© 2020 Jason Salas

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(Foreword from the yet-to-be-published book “On Things” by Trevor Hodgkins and Jason Salas)

“On.” Webster’s defines it as being in the state of un-off, or something to that effect. The literal definition is not important. What is important is that to be “on” one must be actively not “off.” We have been accused of being “off” for some time.

These accusations were painful. However, they did initiate a round of what is known as “self-reflection.” This led to a “breakthrough.” Now, it pleases us to say, we are “on.”

So, it is with that in mind that we set out to write this book -- a collection of mild reflections on things we have been “on” since we became no longer “off.” This is not to say that we will be writing about experiences with illegal substances, for the purpose of this book is not to self-inculpate. Nor will you find the titillating recounts of numerous affairs with starlets (Hollywood or otherwise), unless life for one of us takes a turn in a very right direction and soon.

Rather, what you will find is what will be published over the coming weeks, which, as of this writing, we have not written, yet. So, provided that we do not revise this foreword (we will not), the wonders of the next as yet undetermined number of posts/pages will be just that to you – wonders. Of what we are doing. Of what we are thinking. Of what we are “on.”

So enjoy! And watch out for paper cuts.

(Editor’s note: exclude last sentence from e-book.)

  • Jason Salas

Updated: Apr 3, 2019

February second marks the event that has come to be known as Groundhog Day. This is not a holiday. If you ask your boss to give you February second off because you like to celebrate Groundhog Day, chances are your request will be met with:

a) an unpleasant start,

b) a chuckle quickly followed by, “You’re joking, right?”, or

c) acquiescence accompanied with the agreement that you never return to your job.

I wouldn’t advise using up a sick day either. Your boss will figure it out.

I learned what I know about Groundhog Day from the same place everyone else has… the movie. The film Groundhog Day is arguably the best movie based on a quazi-holiday ever to be produced (note: the only other quazi-holiday movie I can recall is Father’s Day which I still cannot bring myself to watch). Groundhog Day taught me about Punxsutawney Phil and his yearly practice of coming out of hibernation to either see or not see his shadow. This act will determine whether we will have to endure six more weeks of winter or not. I think this is a great little tradition. The whole idea is absurd and that’s what I like about it. It makes me happy to be alive when I think about things that may seem silly but are part of our lives.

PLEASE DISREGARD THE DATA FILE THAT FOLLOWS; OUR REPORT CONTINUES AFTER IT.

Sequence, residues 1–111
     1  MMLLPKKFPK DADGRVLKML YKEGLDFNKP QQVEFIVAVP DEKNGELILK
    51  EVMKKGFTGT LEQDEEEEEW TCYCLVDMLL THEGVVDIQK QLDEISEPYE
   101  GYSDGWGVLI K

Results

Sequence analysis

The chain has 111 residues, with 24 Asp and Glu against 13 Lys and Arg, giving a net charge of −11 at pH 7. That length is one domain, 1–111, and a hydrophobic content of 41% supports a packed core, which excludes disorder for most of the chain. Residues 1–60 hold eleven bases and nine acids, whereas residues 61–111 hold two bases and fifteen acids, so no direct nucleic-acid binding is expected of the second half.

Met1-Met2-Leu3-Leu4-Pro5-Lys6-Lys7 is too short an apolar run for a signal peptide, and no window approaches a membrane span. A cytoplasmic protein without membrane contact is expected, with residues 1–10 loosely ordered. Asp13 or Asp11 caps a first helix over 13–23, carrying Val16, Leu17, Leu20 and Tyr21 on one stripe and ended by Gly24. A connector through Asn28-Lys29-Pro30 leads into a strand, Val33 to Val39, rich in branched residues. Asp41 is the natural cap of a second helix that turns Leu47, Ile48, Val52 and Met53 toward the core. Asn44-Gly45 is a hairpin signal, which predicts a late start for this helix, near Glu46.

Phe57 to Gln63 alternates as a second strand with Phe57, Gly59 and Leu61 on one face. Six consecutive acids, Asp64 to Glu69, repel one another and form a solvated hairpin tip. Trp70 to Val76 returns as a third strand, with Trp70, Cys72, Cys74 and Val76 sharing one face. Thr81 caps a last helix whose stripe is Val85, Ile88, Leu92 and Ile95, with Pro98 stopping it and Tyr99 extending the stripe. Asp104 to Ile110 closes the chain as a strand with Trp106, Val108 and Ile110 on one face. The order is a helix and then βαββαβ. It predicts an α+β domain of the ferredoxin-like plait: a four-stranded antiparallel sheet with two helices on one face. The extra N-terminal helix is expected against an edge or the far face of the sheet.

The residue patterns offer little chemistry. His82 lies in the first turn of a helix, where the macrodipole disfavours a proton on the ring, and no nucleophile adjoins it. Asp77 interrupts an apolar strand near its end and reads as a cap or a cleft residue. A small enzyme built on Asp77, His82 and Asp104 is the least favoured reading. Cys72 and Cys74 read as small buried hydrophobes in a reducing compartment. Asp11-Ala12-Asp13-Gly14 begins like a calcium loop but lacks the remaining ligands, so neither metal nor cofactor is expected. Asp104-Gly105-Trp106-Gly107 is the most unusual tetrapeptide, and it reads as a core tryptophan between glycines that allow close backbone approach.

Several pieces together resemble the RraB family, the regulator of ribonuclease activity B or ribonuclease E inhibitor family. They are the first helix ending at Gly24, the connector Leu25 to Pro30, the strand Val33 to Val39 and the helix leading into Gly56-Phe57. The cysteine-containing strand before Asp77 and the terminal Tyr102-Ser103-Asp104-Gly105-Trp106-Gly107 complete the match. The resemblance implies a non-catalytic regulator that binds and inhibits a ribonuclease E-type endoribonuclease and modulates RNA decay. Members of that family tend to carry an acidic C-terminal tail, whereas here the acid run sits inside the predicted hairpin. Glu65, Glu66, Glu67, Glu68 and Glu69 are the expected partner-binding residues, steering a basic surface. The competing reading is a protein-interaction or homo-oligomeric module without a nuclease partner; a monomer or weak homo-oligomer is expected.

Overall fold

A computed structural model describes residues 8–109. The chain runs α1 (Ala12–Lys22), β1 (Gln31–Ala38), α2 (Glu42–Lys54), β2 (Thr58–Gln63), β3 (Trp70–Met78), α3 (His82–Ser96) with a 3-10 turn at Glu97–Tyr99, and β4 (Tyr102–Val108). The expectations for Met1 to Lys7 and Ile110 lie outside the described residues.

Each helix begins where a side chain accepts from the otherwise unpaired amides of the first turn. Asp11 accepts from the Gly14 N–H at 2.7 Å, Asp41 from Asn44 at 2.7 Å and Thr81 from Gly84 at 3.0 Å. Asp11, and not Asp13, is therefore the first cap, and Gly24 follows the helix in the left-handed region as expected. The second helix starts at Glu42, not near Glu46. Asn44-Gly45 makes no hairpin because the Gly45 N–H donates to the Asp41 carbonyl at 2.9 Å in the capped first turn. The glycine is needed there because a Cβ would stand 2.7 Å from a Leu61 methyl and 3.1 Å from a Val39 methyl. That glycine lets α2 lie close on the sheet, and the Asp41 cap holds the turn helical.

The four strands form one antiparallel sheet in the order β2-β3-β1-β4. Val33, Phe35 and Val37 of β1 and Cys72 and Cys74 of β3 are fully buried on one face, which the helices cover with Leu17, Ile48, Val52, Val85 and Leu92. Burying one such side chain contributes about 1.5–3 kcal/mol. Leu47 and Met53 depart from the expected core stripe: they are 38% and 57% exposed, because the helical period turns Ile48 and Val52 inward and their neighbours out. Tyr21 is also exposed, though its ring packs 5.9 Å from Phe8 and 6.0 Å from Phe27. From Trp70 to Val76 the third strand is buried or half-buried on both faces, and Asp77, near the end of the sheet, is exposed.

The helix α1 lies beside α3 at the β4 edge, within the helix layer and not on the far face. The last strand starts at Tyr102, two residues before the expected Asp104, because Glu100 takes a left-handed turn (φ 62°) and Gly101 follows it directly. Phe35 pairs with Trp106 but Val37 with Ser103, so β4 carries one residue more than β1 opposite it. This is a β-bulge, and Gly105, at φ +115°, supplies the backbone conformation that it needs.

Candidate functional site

One gets to wondering, though. What exactly is a groundhog? In the movie, it looked nothing like a hog. Tell me, Groundhogologists of the world, why is this so? Clearly it belongs to the rodent family or at least a family with rodent-like qualities (not unlike The Littles). We wouldn’t call a mouse a “wallpiglet” or a rat a “sewerboar,” would we? Yet, we stick with the groundhog tag. Confusing.

But then one gets to wondering again, what does seeing the shadow mean? If he sees his shadow is it six more weeks of winter or early spring? I thought the latter because of sunshine but then again, isn’t the shadow supposed to scare him back into hibernation? When you think about it, there are a lot of factors that go into this event. The animal first has to wake up from hibernation on the morning of February second – that’s one gem of a biological alarm clock. Then the animal has to come out of the hole. The sun has to be in the correct spot; there should be minimal cloud cover. The wind variance should be… Ugh! You can clearly see how complicated this gets.

I’m rooting for an early spring simply because I’m a warm weather person. Some people like cold weather because it means they can wear sweaters. To me it just means more laundry. Regardless of what anybody wants, ultimately it’s up to the groundhog. Now, I don’t want to put you in a position, Mr. Punxsutawney Phil, but let’s just say that six more weeks of winter won’t make you the most popular guy around. Furthermore, let me add that an early spring will get you a lot of smiles. And to sweeten the deal, an early spring may even earn you a chunk of cheese or a dog biscuit or whatever you deem as a treat. And just so you know, this is merely an incentive, not a bribe. I don't dabble in shadows.